Fixing The Future (Documentary) – An Alternative Economic Model
By lucas@endneoliberalism On 5 Jul, 2013 At 01:24 AM | Categorized As Green Business | With 0 Comments

Fixing The Future visits towns all across the United States that are growing back using cooperative capitalism and even printing their own local money. Some initiatives, like the Portland Hour Exchange, are defying the concept of money altogether.

The Portland Hour Exchange is a bank of time. Neighbors swap skills and swap time for cooking, maintenance work, boat sailing and even health care services. People get to do the things they love and meet neighbors in the community. Everyone’s hour is worth the same amount regardless of skills.

Local currencies, such as the Baltimore Notes, keep money inside the community. When you spend your money at a chain store only 15% remains in the economy, but 3 times as much stays in the community when you spend on a local business. The B-note boosts over 200 local businesses affiliated with the program.

The benefits of strong local economies, a busy Main Street, go beyond economic needs in a country where 47 million Americans live below the poverty line. A functioning local economy is a place of ongoing activity that encourages meaningful relationships and creative new ventures. People have well-paid jobs and are happy because they do what they love. Products are also better; more natural, more delicious, and made by your happy neighbors. People in strong local communities are paying their mortgages, sending kids to schools, and they get to live in a place that is more beautiful and enjoyable.

People from these local towns are happy because they spend more time with the environment and creative people. In turn, they need a lot less of the things that are useless and disposable, they enjoy more delicious foods and fun leisure activities, and they engage business creations that are praised and experienced like a form of art.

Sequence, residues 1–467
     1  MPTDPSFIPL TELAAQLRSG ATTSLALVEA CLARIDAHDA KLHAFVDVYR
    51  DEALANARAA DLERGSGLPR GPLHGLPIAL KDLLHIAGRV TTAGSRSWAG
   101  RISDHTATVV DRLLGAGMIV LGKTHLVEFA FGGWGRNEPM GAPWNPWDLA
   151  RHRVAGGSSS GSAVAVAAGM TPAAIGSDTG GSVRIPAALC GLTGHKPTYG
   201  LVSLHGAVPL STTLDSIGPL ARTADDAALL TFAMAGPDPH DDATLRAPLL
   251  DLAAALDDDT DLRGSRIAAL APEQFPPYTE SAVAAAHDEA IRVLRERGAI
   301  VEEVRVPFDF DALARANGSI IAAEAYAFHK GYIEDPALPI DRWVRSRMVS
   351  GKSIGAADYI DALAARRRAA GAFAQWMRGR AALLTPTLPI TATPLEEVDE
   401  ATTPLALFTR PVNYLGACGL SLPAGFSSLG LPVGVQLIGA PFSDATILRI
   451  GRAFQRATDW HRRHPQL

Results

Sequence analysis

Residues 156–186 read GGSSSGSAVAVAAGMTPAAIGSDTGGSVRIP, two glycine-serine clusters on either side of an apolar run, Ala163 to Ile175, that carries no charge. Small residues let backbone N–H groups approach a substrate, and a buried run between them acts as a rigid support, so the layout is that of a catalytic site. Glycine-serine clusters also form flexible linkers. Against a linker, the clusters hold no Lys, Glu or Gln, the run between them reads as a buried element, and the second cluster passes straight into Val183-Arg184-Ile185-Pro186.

In these prosperous towns, sustainable connections are formed among local businesses. The Willows Inn, for example, serves the delicious natural salmon fished by Lummi Island Wild Reefnet Salmon Fishery, which uses solar panels and human labour to pull the nets filled with salmon from the beautiful Lummi river.

Worker cooperatives like Evergreen Cooperative Laundry, Ohio Cooperative Solar, and Green City Growers are reaching industrial size and putting millions of people to work. Cooperatives invest in green technologies because they can be long-term oriented without pressures from Wall Street and because they rely on the environment they live in. Evergreen uses the latest technologies for reduced water consuption and it is the most efficient laundry in the state of Ohio.

An interesting fact about cooperatives is that they pay higher wages yet remain longer in business than standard business organizations, as I point out in the book Occupy The Market, How Green Entrepeneurship Makes Multinational. Cooperatives also have the potential to go global, such as the Mondragon Cooperative in Bilbao that earns approximately $20 billion in revenue per year, or Greystone Bakery, the first Benefit Corporation that produces over 400,000 pounds per year of brownies for Ben & Jerry’s icecreams.

The GDP-based Neoliberal economy failed to meet the economic needs of millions of Americans who live below the poverty line. Neoliberalism only benefited the 1%. Entrepreneurial initiatives that centre economic progress around Main Street are creating meaningful jobs that pay better while people meet their social and spiritual needs as well.

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Occupy The Market, How Green Entrepeneurship Makes Multinational

End Neoliberalism. Tax & Regulate The One Percent

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Picture Credit: jseattle CC BY 2.0

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